Originally Published for Arts Fuse on 3/18/11
The members of DeVotchKa call Denver, Colorado home, but the quartet is not your standard indie rock outfit by a long shot. Eclectic to the point of the omni-cultural, the band is one of those rare musical acts that, like Beirut and Gogol Bordello, makes use of the rhythms and riffs (Slavic, Romani) of Eastern-European music and dares to go further, experimenting with Mariachi, Indian, folk, punk, and more.
Lead singer Nick Urata croons passionately with a distinctively slurred, almost accented voice while also playing a hodgepodge of instruments from the standard guitar and piano to the more unusual (at least for indie rock) trumpet, theremin, and bouzouki. Other instruments the quartet uses are the sousaphone, violin, and accordion.
When DeVotchKa effortlessly meshes these global influences and uncommon orchestration, the results can be galvanic, from amazingly fun, Eastern European romps (“C’est Ce La”) to grandiose, indie-rock anthems (“How It Ends”). And its sound is finally being recognized by a broader audience. After struggling as a burlesque band for a few years, the band’s 2004 effort How It Ends made some real noise on the indie scene. However, it wasn’t until after being nominated in 2006 for a Grammy Award for “Best Compilation Soundtrack” for the film Little Miss Sunshine that the band garnered more recognition.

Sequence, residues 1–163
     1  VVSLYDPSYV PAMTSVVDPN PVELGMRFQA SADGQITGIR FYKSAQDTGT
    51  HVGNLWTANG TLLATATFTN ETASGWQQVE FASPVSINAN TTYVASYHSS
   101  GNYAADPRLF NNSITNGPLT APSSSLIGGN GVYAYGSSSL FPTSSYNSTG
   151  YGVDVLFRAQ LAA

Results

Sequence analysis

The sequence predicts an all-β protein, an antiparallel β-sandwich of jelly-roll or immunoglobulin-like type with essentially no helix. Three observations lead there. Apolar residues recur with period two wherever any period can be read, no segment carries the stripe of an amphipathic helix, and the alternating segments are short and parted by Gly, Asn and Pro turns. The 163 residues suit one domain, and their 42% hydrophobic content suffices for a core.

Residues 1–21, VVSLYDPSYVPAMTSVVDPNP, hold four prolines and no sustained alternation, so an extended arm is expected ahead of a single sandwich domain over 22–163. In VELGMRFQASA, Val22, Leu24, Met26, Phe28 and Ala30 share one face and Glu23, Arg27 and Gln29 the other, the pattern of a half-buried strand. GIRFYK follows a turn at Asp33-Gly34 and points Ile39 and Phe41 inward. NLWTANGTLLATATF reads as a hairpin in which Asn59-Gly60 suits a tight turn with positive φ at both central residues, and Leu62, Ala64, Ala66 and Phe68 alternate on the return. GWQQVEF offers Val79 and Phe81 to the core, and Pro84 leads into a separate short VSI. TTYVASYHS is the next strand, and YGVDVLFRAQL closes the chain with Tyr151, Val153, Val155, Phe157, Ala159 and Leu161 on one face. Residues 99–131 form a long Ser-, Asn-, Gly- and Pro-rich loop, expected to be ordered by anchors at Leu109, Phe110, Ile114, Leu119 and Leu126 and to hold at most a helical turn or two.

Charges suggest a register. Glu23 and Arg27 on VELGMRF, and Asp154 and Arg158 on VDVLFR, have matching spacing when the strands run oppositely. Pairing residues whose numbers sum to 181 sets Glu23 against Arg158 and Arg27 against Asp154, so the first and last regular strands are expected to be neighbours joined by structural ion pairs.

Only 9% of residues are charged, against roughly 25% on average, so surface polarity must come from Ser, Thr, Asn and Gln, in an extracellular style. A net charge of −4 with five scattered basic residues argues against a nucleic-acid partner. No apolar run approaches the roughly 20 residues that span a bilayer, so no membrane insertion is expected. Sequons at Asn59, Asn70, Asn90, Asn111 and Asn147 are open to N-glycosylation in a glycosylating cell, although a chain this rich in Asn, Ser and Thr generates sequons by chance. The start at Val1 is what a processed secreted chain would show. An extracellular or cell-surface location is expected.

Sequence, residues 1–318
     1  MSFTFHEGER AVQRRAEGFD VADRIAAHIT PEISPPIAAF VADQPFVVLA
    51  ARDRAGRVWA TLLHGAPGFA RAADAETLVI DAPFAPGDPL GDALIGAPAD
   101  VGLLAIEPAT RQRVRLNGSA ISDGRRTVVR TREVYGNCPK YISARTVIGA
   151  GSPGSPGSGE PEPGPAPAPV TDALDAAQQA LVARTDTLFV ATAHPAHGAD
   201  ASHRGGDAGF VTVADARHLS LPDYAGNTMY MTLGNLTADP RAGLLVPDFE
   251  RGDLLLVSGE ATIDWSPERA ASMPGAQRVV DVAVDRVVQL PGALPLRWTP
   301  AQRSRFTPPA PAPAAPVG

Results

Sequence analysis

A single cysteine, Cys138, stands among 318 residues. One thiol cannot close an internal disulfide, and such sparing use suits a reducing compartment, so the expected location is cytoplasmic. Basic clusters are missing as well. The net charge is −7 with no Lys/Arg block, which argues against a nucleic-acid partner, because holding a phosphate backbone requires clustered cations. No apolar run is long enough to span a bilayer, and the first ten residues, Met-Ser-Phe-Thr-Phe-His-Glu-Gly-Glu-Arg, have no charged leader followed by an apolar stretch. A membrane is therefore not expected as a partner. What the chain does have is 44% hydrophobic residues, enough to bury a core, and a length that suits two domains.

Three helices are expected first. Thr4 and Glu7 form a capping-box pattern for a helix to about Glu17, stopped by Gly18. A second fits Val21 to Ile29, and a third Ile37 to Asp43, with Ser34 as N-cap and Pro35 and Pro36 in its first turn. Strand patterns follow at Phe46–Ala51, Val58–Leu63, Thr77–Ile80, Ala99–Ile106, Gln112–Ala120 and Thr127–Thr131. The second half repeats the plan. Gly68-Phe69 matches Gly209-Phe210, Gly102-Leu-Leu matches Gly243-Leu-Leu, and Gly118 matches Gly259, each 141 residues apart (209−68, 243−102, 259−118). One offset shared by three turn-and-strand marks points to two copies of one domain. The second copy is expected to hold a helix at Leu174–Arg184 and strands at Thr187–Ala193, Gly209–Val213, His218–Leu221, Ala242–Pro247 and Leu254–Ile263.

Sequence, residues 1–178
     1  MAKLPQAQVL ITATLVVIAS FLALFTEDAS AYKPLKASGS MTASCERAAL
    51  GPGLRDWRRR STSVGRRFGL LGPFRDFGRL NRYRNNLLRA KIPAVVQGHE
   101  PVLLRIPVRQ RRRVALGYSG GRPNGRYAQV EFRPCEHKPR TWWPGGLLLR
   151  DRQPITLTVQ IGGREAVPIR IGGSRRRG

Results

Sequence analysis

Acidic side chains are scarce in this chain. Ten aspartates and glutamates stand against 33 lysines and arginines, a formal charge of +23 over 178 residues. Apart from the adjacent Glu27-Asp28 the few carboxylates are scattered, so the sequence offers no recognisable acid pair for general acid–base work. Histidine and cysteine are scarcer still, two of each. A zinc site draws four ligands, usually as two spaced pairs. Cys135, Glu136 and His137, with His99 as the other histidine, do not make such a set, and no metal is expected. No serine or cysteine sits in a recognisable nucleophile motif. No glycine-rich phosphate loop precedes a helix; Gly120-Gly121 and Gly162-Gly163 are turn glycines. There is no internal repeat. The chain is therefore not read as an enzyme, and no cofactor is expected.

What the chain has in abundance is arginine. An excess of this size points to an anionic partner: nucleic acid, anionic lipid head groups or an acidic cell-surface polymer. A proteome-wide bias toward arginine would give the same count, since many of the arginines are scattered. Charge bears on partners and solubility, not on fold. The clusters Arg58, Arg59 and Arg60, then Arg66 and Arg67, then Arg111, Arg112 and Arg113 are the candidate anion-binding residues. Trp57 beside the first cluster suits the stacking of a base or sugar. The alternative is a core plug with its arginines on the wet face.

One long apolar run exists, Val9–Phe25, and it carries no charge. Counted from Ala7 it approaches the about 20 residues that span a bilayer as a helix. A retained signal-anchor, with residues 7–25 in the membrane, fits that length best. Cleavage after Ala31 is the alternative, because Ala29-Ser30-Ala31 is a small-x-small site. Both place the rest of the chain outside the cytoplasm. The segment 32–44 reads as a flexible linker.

“100 Other Lovers” is the album’s catchiest and strongest number. After generating a dreamlike spell, Urata’s vocals jolt us awake, while the sounds of strings and a delectable organ supply some charm. At the end, the song returns us to the opening trance and fades out, which brings the indie rock segment of the album to an end.
On “The Common Good,” DeVotchKa experiments with an Indian sound, commencing with hand-claps and frantic strings. However, the Indian influence is abandoned after shimmering strings and a rollicking snare are introduced. The experiment with an Indian sound is admirable, but the latter is used so halfheartedly that the attempted fusion with indie rock doesn’t come off.
Starting with “The Man From San Sebastian,” the album embraces a wealth of Latin influences. “San Sebastian” is a remarkably fun song with sinister Spanish influences; bright accordion and undulating guitar combine to create an atmosphere that’s ripe for danger, sword fights, and pencil thin mustaches. The bright horns of mariachi make their way into “Bad Luck Heels,” while “Contrabanda” has an almost-cumbia flair to it. On the unique “Ruthless,” Urata flirts with Spanish lingo and guitar, supported by timbales, quicksilver accordion playing, and theatrical strings.
The one exception to the second half Latin explosion is “Exhaustible,” a light, lazy afternoon love song with a whistle chorus and cheery background vocals. Ending with the group bursting into laughter, the whimsical song is a nice change of pace from the busier tracks.
Overall, 100 Lovers strikes me as DeVotchKa’s admirable and ambitious effort to create a grander sound. The band reaches for the brilliantly combustible heights of Arcade Fire’s magnum opus Funeral. At times it ends up working too hard and falls short. But listeners expect nervy diversity from DeVotchKa, and the group delivers on its efforts to make indie rock with plenty of exotic flair. DeVotchKa comes to Boston’s Paradise Rock Club on March 26, which will be its only Massachusetts stop. The group will also appear at Higher Ground in Burlington, VT, on March 28.